Distracted Walking and Mobile Device Use
October 3, 2017
With increased rates of mobile device use, including time spent messaging and gaming, it’s becoming common for people to use their phones while walking from place-to-place; however, the simultaneous use of mobile technology while performing daily activities may increase the risk of human error and accidents owing to voluntary distraction. According to a recent study that used emergency department data from the National Electronic Injury Surveillance System (NEISS) database, distracted walking incidents involving mobile phones accounted for more than 11,100 injuries between 2000 and 2011.

The study also reported:

  • At least 26% of the walking injuries happen outside the home
  • 68% of those injured are women
  • 54% are under 40
  • Nearly 80% of these injuries were due to a fall

How Mobile Devices Impact Human Behavior

Research has shown that pedestrian inattention and distraction impacts human performance, movement strategies, and safety during everyday activities. When pedestrians use mobile devices while walking, attention to the environment is reduced, thereby increasing the risk of interaction with unnoticed obstacles and possibly leading to slip, trip, and fall incidents. This principle was demonstrated in a recent study conducted at Exponent’s Test and Engineering Center, which investigated pedestrian gaze (using eye tracking technology) and gait behavior (using motion tracking) while texting during step navigation. Results showed that both visual attention and foot clearance relative to step surfaces were reduced during step ascent and descent, which could lead to increased potential for gait disruption and falls.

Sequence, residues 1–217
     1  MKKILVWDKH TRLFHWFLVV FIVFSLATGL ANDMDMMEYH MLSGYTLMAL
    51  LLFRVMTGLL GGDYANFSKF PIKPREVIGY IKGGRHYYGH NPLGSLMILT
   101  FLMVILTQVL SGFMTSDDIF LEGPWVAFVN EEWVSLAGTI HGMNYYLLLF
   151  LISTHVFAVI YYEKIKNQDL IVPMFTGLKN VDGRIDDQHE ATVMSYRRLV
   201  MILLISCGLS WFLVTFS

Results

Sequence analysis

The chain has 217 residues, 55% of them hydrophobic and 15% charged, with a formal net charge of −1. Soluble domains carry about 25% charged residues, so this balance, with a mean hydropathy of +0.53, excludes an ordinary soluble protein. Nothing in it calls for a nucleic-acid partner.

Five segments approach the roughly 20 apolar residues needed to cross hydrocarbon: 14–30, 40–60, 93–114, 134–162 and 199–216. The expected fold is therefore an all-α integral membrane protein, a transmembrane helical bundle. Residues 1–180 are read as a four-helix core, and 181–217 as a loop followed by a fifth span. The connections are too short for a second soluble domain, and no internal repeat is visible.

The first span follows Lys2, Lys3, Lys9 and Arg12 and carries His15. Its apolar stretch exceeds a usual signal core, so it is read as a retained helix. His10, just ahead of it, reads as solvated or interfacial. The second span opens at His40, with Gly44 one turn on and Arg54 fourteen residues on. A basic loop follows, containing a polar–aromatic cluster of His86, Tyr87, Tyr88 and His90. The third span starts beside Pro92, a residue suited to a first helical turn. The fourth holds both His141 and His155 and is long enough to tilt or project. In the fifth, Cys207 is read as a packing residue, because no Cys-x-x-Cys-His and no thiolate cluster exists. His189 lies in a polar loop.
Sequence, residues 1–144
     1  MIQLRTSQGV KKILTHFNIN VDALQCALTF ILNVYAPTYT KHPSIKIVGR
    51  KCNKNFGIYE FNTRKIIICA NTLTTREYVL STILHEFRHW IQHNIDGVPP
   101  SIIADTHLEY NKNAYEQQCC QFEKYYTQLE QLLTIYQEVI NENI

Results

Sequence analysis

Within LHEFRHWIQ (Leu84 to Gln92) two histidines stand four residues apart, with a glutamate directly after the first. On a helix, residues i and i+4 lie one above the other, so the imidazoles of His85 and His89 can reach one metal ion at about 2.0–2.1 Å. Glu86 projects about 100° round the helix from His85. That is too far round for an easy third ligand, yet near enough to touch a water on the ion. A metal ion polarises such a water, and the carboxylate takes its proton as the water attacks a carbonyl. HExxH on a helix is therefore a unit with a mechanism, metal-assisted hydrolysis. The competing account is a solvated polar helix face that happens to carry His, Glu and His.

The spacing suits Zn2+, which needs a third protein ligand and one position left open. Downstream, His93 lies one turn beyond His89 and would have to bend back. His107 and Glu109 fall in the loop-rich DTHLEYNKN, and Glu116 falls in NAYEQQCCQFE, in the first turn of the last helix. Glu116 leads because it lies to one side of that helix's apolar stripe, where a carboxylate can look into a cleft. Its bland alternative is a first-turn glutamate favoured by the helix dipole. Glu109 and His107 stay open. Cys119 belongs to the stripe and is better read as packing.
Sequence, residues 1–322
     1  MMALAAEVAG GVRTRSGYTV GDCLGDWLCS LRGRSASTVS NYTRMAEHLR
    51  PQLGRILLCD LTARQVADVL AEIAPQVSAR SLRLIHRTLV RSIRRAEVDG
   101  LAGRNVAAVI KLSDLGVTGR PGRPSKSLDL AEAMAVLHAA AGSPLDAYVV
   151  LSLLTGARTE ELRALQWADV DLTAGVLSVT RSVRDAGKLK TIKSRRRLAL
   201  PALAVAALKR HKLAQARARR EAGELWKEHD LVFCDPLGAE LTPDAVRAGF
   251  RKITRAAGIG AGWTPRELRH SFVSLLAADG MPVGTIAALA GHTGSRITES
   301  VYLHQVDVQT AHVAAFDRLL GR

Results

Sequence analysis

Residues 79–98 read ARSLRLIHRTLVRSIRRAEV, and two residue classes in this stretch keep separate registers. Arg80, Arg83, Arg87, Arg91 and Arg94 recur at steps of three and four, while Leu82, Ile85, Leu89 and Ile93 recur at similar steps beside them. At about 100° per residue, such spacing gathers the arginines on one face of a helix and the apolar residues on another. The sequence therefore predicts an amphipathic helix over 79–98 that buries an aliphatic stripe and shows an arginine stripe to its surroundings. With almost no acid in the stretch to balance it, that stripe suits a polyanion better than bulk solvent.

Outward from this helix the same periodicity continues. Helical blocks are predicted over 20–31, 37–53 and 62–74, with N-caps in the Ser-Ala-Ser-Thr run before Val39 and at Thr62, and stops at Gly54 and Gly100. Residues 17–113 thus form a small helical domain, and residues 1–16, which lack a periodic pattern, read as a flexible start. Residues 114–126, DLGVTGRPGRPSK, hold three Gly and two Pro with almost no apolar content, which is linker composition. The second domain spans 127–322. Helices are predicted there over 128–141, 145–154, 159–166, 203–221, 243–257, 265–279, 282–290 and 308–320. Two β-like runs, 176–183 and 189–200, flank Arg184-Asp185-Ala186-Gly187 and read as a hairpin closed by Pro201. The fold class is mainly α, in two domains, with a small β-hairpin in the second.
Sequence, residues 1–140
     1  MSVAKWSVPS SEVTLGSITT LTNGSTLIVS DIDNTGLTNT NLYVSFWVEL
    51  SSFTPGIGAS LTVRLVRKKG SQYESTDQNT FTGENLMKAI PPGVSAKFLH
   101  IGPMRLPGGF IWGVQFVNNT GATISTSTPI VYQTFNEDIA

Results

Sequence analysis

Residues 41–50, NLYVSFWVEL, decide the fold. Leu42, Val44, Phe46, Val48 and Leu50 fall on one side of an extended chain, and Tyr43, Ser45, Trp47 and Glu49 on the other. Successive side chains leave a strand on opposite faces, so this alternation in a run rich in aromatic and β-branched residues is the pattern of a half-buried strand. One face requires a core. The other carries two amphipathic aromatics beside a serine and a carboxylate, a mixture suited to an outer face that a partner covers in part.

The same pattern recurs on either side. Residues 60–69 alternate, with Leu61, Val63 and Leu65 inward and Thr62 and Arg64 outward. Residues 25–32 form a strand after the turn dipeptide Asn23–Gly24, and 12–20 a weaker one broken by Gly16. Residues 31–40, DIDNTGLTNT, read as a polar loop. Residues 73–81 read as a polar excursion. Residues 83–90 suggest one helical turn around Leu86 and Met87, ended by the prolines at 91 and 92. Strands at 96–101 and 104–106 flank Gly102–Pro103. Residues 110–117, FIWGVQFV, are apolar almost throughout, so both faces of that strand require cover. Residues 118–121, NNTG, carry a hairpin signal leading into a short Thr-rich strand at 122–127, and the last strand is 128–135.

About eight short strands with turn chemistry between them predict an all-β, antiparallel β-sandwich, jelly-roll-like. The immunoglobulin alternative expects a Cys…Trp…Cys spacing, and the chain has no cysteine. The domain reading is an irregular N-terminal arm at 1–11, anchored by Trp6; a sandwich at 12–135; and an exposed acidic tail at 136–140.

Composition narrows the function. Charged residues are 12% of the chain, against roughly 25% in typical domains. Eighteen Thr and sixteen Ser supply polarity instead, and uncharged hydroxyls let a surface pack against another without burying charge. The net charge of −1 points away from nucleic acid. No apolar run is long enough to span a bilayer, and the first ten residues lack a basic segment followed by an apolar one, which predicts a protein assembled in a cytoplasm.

How Exponent Can Help

Mobile device use is common on public premises (e.g., the workplace, hotels, restaurants, amusement parks, and residential areas). Distraction and inattention influence pedestrians’ ability to navigate the environment safely and notice otherwise conspicuous information in public areas.

Exponent’s multidisciplinary approach to premises liability in biomechanics and human factors can enable a comprehensive evaluation of incidents and provide seamless and effective presentation of data and findings. Specifically, our expertise and experience have been used to address issues of property design, visibility and conspicuity, fall risk, fall mechanism, injury mechanics and causation, and hazard mitigation. Using our wide breadth of capabilities, Exponent’s engineers and scientists assess the effects of both intrinsic factors and external, environmental factors on perception, neuromechanics, and hazard response.

For more information on the services we can provide, please visit us at www.exponent.com and view our Premises Liability web page.

Further Reading

Hashish R, Toney-Bolger ME, Sharpe SS, Lester BD, Mulliken A. Texting during stair negotiation and implications for fall risk. Gait & Posture 2017; 58:409–414.

Kim R, Lester BD, Schwark J, Cades D, Hashish R, Moorman H, Young D. Gaze behavior during curb approach: the effect of mobile device use while walking. Human Factors & Ergonomics Society, 2016.

Lester BD, Hashish R, Kim R, Moorman H, Hildebrand E, Schwark J, Rauschenberger R, Young D. Mobile device usage influences gaze patterns to obstacles during locomotion. Proceedings of the 2016 Industrial and Systems Engineering Research Conference, H. Yang, Z. Kong, and MD Sarder (eds).